In The End, We'll All Pay More For Water



I would like to belatedly concur with your support for Buzz Walker and Mike Ploughe in your column "Conservation is a small price to pay," in the Jan. 4 issue of the Roundup.

I have been periodically following up on the 12 wells that were used as a base in the "Town of Payson report on water" in March of 1999. The level of these wells has declined, on average, at least 35 percent in the ensuing 56 months. The real problem, of course, is that no one knows where the bottom of the various aquifers is under the town. We do know, from the Southwest Groundwater study of 1998 that the further down we go the less interstices there are to contain water. In other words, the further down we go, the more the area under us is solid granite. This means we have used up more than 35 percent of whatever reservoir of water we had under us in 1999.

More to the point, even with rainfall, that exceeded the last 30 years average, and with the restrictions on water use imposed by the town, we still depleted the reservoir of the 12 benchmark wells by 3 percent in the first 10 months of 2004.

So we are well advised to wait until spring, to see what the beneficial winter period brings us in additional, retainable water.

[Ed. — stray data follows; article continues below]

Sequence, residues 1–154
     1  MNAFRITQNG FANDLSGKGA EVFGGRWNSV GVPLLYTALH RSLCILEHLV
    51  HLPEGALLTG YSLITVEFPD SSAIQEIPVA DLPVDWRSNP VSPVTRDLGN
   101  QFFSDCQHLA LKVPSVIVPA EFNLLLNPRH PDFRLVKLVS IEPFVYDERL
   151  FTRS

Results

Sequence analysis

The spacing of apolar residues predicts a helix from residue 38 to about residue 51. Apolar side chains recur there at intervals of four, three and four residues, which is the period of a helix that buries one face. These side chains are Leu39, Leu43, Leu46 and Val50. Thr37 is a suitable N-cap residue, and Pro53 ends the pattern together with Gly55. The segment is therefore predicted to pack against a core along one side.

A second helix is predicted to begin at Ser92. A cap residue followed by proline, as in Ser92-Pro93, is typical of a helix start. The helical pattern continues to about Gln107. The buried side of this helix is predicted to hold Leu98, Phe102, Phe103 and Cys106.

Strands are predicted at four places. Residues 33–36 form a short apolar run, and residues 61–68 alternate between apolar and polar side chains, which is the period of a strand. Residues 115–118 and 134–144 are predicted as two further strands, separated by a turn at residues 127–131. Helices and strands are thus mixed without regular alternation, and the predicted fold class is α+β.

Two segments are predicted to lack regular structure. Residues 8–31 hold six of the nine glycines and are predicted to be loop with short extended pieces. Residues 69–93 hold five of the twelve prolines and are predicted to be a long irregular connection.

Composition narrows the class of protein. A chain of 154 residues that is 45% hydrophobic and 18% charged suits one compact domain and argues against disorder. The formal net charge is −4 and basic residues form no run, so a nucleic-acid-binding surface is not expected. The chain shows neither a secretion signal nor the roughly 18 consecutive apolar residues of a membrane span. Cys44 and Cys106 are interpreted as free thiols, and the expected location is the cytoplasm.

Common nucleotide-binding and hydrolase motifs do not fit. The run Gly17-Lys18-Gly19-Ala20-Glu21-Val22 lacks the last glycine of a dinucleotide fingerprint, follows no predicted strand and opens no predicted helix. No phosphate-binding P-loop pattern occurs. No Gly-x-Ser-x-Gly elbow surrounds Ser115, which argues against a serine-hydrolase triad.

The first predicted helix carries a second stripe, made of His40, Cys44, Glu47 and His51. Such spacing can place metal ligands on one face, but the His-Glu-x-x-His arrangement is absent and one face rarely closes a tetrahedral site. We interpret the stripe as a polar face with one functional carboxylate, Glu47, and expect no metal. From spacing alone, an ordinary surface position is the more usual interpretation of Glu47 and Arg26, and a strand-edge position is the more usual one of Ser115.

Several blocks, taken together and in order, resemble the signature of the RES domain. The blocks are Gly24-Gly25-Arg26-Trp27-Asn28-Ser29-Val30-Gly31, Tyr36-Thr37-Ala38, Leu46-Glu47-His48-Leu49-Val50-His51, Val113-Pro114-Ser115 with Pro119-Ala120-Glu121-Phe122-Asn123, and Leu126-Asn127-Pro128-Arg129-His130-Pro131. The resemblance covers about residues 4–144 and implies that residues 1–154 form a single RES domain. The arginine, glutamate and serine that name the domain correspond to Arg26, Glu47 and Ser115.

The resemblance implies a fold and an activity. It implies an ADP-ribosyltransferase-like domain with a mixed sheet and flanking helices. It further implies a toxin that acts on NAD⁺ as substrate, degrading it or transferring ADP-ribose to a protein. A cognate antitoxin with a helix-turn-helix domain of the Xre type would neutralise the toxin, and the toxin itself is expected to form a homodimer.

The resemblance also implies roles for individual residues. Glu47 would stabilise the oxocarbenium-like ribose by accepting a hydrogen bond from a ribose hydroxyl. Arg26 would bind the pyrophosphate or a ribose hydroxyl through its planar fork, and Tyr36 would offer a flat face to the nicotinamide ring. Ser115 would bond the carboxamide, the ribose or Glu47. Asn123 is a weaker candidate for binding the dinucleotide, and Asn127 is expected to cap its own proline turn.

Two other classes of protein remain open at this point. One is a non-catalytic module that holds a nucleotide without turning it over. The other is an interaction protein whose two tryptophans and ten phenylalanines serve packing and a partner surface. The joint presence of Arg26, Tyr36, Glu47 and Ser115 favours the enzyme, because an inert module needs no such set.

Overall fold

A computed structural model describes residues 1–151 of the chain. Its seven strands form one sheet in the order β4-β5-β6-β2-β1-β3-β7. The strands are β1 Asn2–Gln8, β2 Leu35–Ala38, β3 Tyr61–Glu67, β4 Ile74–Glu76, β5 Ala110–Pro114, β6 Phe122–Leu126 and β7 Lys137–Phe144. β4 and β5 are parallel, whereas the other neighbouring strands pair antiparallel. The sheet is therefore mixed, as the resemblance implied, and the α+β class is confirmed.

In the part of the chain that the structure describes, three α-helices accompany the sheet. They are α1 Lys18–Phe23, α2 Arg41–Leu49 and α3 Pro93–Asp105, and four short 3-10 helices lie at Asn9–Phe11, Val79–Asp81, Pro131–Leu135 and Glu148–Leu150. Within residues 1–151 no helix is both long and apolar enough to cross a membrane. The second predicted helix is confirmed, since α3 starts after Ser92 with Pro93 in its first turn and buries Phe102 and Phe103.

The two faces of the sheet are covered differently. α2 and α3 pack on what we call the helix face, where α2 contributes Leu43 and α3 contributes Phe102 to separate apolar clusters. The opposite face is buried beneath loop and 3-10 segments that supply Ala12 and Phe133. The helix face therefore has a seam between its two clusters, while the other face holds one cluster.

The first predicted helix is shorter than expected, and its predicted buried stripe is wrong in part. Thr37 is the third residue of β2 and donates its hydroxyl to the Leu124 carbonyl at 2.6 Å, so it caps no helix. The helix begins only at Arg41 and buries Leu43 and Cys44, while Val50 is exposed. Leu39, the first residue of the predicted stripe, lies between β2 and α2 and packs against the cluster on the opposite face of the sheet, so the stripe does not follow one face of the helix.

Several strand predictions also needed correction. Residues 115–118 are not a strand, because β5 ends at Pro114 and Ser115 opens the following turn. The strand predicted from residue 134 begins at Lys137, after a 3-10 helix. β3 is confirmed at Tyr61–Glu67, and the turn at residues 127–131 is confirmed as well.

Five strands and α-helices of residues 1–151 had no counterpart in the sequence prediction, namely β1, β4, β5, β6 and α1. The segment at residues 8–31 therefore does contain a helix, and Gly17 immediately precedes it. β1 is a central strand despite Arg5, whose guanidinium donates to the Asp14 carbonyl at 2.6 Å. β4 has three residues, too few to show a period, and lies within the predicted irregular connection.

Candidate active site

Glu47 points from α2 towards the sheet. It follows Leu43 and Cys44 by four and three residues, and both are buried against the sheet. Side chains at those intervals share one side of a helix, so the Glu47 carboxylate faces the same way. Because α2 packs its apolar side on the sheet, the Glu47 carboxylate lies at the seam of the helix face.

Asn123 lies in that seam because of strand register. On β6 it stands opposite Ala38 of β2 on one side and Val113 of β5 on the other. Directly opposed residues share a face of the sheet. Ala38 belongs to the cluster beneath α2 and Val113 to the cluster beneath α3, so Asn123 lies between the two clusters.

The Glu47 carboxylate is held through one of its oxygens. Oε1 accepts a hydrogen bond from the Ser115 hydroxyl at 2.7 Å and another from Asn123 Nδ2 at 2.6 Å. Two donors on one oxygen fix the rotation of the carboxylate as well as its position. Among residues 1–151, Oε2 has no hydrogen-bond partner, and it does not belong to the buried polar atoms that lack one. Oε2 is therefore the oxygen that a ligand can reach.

Lest anyone think that all the building going on all around us means that there are many more people coming to Payson and using up our water, I don't think that is the case.

I don't think anyone knows exactly how many people are living in Payson. However, we do know how many children are in school, and during the last two years the school population has declined by 112 pupils, or approximately 4 percent.

So, we are back where we were five years ago. We have less water in reserve than we had then. We are still using water faster than it is being replenished, even in a good moisture year. It will certainly be at least five years before we get any water from outside the town, and probably it will take longer than that.

We have no plan to make newcomers pay for the very expensive new water that they require. So, we will all pay for it. Finally, we have no money saved over the last five years to pay for the expensive water we knew we were going to need. We spent all the money on things that weren't as essential as water.

Don Adams, Payson

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